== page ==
Fire Chief Kevin Taylor on This Year’s Fire Season
Back in January, a standing-room-only crowd filled Montecito Union School’s auditorium for an update on what to expect this year in terms of both fire and rain. The message was exactly what residents were hoping to hear. First, a lower than average chance of the kind of rain events that could lead to another debris flow, and second, the healthy recovery of vegetation that was destroyed by the 2017 Thomas Fire.
Of course, the flipside of that good news – having so much hillside chapparal and other plant life grow back – is the possibility that it will once again catch fire. Given that Santa Barbara’s typical fire season is about to begin and much of California is already on fire, we figured this would be a perfect time to catch up with Kevin Taylor, Montecito’s Fire Chief, for an update on what we can expect for the rest of the year.
Q. So far, Montecito seems to be miraculously spared from the fires ravaging the state. How is Montecito looking right now in terms of current fire risk?
A. Before we had a year-round fire season, like we do now, our typical fire season would last from August through October, and the reason for that is that all the vegetation that grows during the winter and spring dries up during the summer and once the live fuel moisture index gets below 60 percent, that represents a very high fire risk. Our current index is in the 70s. We will get the August numbers in the next several days, and I suspect that the number will be in the high 60s.
So far, so good. But what kind of weather can we expect during the next few months? We are supposed to have another heat wave this weekend.
Right now, the forecast is a little unsure of exactly how much of a heat wave we’ll actually get, but this is the time of year we tend to experience the hottest weather, and we’re seeing some chance of the kind of monsoon conditions that have been responsible for fires elsewhere in California. But the second reason we should be prepared is because we are now entering our second sundowner season [when evening winds often rush down the mountains].The strongest sundowners usually happen in the spring, but we can have very strong events in the late summer and early fall, which is also the primary Santa Ana wind season for Ventura and Los Angeles Counties.
What’s the best thing residents can do to prepare?
As we move into the heart of the fire season, we’re urging everyone to follow our “Ready! Set! Go!” guidelines. “Ready” means the creation of defensible space around the home and clearing out any flammable items and vegetation. “Set” means creating and being ready to implement a family disaster plan for what you need to do when there actually is a fire.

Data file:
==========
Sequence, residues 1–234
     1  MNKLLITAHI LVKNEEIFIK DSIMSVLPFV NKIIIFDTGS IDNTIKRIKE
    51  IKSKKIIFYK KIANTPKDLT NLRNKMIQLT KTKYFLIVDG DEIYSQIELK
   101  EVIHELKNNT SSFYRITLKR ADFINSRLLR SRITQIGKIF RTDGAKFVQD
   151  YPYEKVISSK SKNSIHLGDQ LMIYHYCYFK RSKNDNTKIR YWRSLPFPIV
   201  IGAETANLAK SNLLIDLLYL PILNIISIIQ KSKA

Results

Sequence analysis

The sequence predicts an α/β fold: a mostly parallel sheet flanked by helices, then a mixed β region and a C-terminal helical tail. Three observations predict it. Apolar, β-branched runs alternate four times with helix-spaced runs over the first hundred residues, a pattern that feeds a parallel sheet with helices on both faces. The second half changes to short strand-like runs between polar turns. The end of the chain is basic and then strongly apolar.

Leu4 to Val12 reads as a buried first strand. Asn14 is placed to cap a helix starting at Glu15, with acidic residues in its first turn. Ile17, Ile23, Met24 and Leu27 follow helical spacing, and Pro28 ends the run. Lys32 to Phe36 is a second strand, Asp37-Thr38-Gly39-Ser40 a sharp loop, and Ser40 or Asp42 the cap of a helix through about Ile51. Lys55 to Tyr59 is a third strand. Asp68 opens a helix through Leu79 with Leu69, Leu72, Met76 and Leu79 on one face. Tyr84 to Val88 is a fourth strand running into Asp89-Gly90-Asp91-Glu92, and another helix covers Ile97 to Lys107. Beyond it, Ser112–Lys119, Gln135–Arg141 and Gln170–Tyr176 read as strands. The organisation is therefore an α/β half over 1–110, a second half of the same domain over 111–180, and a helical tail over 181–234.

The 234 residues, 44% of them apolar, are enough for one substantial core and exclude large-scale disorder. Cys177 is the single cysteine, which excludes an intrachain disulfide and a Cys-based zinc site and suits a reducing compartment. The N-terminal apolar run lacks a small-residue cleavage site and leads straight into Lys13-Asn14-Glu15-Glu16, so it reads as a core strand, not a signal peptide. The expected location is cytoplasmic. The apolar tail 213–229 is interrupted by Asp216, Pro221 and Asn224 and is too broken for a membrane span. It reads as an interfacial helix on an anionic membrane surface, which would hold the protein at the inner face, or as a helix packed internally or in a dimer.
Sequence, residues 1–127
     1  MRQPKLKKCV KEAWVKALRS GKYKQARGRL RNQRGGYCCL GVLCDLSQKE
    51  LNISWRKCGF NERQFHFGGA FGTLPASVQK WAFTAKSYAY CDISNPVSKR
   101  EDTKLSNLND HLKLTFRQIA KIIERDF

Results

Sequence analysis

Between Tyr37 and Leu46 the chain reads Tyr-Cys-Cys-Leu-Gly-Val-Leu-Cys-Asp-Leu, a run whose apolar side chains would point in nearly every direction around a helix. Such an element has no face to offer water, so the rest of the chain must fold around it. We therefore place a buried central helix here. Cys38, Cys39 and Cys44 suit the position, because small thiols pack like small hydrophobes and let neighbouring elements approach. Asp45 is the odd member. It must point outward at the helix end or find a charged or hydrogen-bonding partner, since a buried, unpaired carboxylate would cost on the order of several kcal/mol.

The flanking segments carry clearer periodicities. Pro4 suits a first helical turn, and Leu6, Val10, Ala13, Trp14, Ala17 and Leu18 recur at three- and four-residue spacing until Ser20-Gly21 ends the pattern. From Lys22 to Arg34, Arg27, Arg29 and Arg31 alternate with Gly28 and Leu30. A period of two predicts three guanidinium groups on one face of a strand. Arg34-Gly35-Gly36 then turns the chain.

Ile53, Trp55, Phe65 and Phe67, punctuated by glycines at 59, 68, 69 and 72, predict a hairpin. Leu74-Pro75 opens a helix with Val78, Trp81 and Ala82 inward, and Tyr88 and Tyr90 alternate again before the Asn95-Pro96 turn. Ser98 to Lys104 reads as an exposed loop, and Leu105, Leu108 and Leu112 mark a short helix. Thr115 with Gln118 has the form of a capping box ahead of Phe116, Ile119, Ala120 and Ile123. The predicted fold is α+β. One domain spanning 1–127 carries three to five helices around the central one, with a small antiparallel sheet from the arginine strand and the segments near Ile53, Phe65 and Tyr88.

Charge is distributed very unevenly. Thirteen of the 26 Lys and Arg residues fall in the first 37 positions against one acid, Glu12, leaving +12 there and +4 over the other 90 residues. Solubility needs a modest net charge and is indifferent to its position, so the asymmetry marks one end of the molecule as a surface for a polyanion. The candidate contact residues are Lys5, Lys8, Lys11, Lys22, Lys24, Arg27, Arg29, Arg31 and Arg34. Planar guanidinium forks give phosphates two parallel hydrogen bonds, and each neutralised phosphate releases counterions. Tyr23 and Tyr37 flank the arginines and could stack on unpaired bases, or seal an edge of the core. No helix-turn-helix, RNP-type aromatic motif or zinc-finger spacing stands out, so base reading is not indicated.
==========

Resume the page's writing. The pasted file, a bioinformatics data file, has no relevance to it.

“Go” stands for knowing what to expect if you are evacuated. We have a very robust program that’s available on our website (click on the “Ready! Set! Go!” tab at www.montecitofire.com). We also sent out a 10-page booklet to every home in the community which is featured prominently on our website. And if anyone has any questions or concerns, we have two wildland specialists, Nick Elmquist and Maeve Juarez, who will visit your home and provide a complimentary defensible space survey.
There have been a lot of helicopters flying around town and it’s been reported that they belong to SoCal Edison and involve some kind of fire-related preparations. Can you confirm that?
Yes, SCE has been using helicopters and drones to evaluate their electrical infrastructure for the past six weeks or so. They’ve been looking at how much clearance there is between their wires and vegetation, which they are required to do in very high fire areas every year by the Public Utilities Commission.
How has the Fire Department been affected by California’s ongoing conflagration this summer? Are you guy assisting with any of the forest fires right now?
Absolutely. We’ve had 14 of our firefighters assigned throughout the state for the last 15 days and are in the process of rotating them out so that another group can go out. But while we are out there helping our neighbors like they helped us during the Thomas Fire, we remain fully staffed and ready to respond to any events that might happen in the community.
So, to sum up, is it fair to say that, as things stand, it appears like we might survive the rest of this year’s fire season without any major problems?
I’ll always stop short of saying we have no risk, but our risk for a large, damaging wildfire is less right now because the fuel is not receptive to burn the way it did during the Thomas Fire. The coastal chapparal in Los Padres National Forest takes 12 years to cure and become susceptible to large, damaging fires.
The western edge of the Thomas Fire, where we were able to actually stop the fire, was in the Tea Fire scar. We could take meaningful action there because it was a 12-year-old fuel bed, whereas the area that burned was a 50-year-old fuel bed and we had an unheard-of weather pattern of 12 straight days of fire conditions that you just don’t see in December, but we did. So we always need to be careful in our community and not think we don’t have any fire risk, because with the type of weather we might get, it’s always there.